The TSA will not allow you to travel with either compressed gas tanks or with liquid oxygen supplies. The only personal oxygen supplies they will allow are portable concentrators. Even if you have a portable concentrator, the TSA advises that you should contact your airline ahead of time, because not all airlines allow the use of portable oxygen concentrators. You also should check with the manufacturer of your portable system to determine whether the specific make and model of your oxygen concentrator is approved for in-flight use.
Once you know your oxygen concentrator is approved, you’re good to go. But know what to expect when traveling with your portable oxygen through TSA checkpoints:
- First, if you can safely disconnect from your portable oxygen during the duration of your flight, it’s recommended that you check your equipment as checked baggage if possible. Then you won’t have to deal with it as you make your way through the screening process.
- Without your portable device, you’ll be able to be screened using imaging technology or walk-through metal detectors, saving you the hassle of requiring out-of-the-line special screening such as a pat-down procedure.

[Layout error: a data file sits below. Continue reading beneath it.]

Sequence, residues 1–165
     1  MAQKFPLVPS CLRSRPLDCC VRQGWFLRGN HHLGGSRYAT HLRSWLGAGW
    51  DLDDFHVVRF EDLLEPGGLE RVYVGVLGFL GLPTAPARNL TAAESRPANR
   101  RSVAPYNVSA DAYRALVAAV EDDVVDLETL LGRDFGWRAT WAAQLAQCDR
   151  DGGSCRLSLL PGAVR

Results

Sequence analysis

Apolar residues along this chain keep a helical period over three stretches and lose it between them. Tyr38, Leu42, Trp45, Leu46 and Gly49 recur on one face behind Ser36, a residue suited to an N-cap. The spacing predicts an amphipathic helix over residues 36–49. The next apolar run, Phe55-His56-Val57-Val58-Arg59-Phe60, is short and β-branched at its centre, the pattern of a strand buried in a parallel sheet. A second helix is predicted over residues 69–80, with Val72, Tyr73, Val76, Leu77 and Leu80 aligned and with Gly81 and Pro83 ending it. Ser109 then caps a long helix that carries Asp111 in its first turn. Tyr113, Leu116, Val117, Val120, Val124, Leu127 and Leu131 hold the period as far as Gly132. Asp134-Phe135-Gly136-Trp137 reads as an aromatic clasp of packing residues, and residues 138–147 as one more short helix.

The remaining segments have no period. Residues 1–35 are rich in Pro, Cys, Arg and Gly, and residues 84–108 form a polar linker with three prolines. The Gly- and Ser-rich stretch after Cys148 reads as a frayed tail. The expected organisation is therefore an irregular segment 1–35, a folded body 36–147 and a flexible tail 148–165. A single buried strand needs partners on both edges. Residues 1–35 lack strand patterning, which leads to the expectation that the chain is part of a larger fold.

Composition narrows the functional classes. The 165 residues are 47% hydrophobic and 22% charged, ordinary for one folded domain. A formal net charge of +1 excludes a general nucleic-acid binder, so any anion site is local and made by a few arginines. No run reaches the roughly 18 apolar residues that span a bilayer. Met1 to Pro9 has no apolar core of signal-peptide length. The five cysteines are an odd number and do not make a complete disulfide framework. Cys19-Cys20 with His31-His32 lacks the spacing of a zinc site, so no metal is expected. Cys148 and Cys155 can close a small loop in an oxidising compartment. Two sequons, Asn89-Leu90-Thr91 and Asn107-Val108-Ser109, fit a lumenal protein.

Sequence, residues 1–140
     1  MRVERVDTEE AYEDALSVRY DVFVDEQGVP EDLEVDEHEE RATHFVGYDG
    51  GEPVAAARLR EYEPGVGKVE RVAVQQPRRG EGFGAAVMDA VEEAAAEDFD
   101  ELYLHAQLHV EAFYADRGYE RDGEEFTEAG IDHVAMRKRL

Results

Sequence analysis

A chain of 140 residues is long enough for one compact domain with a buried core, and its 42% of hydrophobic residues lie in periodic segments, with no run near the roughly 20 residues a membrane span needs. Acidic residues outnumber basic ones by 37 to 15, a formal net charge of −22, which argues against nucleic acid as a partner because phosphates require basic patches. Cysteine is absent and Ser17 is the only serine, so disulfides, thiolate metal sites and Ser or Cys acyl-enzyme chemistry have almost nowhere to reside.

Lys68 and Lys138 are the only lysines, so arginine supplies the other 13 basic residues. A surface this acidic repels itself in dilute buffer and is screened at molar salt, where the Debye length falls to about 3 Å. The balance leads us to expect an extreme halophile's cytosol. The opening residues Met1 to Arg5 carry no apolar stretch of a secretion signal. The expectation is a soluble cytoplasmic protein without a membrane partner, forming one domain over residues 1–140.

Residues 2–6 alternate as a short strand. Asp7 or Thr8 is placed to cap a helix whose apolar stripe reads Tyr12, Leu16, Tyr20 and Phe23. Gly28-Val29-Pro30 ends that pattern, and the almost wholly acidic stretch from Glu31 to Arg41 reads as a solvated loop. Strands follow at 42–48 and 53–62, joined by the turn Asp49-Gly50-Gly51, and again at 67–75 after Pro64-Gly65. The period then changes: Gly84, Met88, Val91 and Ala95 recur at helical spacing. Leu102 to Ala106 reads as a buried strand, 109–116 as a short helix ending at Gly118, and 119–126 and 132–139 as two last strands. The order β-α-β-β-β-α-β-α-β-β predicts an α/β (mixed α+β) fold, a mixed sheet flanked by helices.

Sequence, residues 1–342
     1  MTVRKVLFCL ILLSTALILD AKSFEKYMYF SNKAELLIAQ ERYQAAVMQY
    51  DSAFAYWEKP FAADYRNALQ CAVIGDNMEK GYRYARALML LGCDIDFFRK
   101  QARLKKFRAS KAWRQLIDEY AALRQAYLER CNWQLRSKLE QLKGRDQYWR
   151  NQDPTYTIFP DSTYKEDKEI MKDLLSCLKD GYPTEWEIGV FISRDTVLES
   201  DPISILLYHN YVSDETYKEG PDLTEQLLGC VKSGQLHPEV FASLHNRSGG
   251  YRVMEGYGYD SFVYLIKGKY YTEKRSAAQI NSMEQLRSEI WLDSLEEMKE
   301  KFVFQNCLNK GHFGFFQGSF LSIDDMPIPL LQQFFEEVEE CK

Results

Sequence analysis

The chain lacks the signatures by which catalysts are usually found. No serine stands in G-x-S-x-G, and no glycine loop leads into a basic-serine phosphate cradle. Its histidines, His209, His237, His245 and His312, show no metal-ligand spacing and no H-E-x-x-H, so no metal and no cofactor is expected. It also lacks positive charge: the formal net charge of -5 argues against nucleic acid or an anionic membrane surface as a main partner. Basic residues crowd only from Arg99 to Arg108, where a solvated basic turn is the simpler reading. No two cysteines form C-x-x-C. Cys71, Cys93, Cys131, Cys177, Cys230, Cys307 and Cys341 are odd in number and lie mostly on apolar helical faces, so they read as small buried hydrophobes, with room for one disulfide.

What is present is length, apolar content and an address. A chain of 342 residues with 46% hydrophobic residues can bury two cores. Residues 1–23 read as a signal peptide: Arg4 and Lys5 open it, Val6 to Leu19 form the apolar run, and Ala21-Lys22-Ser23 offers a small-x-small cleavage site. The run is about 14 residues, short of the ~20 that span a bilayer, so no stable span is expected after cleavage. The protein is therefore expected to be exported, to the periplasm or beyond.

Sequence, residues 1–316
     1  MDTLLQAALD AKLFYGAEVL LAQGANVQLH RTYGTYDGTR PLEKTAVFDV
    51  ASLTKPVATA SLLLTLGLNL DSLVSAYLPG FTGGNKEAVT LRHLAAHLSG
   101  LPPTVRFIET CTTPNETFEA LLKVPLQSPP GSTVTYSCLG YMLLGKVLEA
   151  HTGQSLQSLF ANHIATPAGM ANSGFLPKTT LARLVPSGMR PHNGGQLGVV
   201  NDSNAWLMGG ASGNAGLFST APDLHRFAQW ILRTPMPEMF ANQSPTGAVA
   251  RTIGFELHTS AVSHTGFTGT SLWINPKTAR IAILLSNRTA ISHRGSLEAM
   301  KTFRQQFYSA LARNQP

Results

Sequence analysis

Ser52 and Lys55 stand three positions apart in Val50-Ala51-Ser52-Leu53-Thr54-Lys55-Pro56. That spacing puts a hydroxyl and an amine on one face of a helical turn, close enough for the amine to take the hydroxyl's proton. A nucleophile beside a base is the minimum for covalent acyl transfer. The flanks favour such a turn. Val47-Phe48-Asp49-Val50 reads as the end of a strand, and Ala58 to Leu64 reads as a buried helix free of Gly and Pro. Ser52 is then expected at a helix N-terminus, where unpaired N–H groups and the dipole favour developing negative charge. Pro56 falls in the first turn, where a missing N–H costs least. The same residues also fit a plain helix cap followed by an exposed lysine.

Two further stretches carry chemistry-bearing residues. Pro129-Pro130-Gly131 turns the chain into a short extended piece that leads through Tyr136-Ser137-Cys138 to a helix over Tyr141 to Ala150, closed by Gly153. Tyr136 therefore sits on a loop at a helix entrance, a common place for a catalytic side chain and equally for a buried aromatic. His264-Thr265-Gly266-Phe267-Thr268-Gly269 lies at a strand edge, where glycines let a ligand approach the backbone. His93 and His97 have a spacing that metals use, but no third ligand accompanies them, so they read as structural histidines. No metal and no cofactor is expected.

- If you must – or you choose to – bring your portable oxygen concentrator in your carry-on baggage, know that the equipment will undergo either X-ray screening or inspection. If your equipment cannot be X-rayed and an inspection is done, it also likely will be tested for traces of explosives.
Consult with your doctor to determine if you can safely disconnect during screening. If not, be prepared to inform the officer conducting the screening, before the screening process begins, that you cannot safely disconnect from your oxygen concentrator. If the officer insists that you disconnect, ask to speak with a supervisor or manager.